Friday, 12 May 2017

Heinlein, Blish And Anderson Acknowledge Wells

James Blish's They Shall Have Stars acknowledges HG Wells' When The Sleeper Wakes because longevity and suspended animation raise the same question about compound interest.

Robert Heinlein's The Door Into Summer acknowledges When The Sleeper Wakes because both address the consequences of suspended animation although the former is mainly about time travel.

Poul Anderson's There Will Be Time acknowledges without naming both Wells and The Time Machine because it is also about time travel.

Wells is foundational. Heinlein, Blish and Anderson are worthy successors. They Shall Have Stars shows scientific method at work. The Door Into Summer and There Will Be Time follow The Time Machine by elaborating paradoxes that Wells merely hinted at. But The Time Machine had laid the groundwork by describing the Time Machine, the experience of time travelling and the ultimate futures of mankind and of life on Earth.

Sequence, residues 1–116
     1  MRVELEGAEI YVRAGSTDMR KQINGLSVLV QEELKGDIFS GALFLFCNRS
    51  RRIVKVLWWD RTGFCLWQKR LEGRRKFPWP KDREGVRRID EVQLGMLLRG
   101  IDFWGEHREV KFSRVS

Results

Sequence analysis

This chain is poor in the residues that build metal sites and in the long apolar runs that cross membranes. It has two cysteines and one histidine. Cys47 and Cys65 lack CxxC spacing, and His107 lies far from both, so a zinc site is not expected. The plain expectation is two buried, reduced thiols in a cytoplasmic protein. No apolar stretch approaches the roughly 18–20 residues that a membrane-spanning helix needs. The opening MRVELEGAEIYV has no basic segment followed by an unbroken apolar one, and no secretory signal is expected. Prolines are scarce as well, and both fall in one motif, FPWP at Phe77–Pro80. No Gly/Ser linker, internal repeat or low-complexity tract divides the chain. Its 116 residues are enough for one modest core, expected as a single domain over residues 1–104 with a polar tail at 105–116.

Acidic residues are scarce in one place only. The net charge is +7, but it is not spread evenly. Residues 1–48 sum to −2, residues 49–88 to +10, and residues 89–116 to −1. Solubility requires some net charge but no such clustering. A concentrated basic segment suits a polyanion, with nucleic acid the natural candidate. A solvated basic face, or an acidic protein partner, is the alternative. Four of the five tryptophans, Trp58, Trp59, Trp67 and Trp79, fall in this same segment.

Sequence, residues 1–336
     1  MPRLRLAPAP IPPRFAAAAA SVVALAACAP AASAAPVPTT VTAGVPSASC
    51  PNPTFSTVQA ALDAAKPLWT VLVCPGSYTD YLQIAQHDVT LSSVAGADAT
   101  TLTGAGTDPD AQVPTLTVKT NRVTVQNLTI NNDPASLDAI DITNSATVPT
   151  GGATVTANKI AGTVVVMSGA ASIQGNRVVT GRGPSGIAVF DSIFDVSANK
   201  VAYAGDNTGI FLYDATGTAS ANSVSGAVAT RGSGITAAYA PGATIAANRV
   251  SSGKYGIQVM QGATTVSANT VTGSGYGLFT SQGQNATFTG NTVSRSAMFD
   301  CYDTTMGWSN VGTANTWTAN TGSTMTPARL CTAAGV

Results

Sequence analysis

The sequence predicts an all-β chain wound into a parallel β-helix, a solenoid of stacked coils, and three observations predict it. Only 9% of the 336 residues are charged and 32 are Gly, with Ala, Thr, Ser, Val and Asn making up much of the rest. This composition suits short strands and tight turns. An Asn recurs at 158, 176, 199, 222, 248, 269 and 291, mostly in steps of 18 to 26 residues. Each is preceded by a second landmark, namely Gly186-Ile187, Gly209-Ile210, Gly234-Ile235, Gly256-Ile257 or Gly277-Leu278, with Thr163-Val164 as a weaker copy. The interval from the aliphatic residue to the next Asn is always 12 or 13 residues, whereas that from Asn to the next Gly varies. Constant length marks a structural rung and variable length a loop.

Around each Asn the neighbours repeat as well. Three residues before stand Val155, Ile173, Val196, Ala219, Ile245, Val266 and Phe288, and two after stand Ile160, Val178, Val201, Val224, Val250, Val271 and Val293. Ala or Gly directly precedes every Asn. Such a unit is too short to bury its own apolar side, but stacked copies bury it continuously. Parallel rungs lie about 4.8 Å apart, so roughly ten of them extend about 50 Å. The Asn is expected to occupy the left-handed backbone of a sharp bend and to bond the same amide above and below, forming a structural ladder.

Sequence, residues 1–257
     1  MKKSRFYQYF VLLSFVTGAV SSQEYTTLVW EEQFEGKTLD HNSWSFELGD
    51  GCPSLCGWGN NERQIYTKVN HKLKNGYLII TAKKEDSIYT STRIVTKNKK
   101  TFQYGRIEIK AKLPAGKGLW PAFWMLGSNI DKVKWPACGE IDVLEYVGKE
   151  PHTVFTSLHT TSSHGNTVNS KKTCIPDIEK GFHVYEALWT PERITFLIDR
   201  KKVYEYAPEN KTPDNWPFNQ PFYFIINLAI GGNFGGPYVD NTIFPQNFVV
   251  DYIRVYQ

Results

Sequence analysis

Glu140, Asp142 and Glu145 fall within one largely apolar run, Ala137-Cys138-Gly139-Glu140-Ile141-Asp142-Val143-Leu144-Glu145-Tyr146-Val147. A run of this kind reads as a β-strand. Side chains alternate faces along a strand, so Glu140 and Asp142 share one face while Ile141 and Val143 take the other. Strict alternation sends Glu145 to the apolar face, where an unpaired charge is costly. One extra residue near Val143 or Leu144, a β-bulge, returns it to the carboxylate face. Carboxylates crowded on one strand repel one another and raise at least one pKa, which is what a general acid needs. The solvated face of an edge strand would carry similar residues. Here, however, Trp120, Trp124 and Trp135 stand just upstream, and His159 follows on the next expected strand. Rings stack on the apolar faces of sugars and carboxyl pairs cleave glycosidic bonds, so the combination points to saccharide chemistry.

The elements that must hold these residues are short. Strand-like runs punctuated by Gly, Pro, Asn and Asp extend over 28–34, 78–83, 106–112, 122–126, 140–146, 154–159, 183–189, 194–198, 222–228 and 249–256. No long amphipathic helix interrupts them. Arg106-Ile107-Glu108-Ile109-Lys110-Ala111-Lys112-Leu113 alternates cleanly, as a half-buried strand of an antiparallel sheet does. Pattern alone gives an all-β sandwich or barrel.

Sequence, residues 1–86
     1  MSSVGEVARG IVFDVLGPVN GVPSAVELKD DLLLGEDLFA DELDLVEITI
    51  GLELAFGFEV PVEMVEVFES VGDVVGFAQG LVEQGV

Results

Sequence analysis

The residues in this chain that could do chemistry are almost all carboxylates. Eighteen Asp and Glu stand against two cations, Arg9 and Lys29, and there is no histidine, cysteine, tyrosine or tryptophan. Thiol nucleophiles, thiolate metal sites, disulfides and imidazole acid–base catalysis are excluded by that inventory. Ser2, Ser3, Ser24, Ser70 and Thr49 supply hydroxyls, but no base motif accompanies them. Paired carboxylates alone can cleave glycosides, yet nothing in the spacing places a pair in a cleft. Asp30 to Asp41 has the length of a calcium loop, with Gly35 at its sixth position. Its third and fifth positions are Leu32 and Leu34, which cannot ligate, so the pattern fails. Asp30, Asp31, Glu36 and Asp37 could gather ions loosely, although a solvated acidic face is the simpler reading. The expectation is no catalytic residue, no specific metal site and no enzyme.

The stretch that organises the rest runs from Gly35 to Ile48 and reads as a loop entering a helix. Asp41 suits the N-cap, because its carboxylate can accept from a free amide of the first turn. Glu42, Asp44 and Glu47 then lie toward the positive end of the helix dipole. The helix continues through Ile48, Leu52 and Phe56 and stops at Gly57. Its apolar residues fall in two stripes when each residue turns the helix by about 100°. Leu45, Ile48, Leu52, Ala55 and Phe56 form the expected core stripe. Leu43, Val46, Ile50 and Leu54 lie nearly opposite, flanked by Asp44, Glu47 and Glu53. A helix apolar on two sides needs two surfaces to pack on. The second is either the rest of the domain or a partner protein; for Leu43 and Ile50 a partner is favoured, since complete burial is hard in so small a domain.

If you have read Wells, read the others. If you have read the others, read Wells. If you have read them all, they are worth rereading.

1 comment:

Sean M. Brooks said...

Kaor, Paul!

I agree on the desirability of serious SF fans reading the works of the authors you listed. I would warn SF fans that Wells' style of writing needs some getting used to. In his earlier works, at least, Wells wrote in a very 19th century, pre-Heminwayesque manner. That is, in a leisurely, discursive, verbose (by current standards) way.

Also, unlike either THE TIME MACHINE or THE WAR OF THE WORLDS, some of Wells works are painfully dated. The example I have in mind being THE ISLAND OF DR. MOREAU.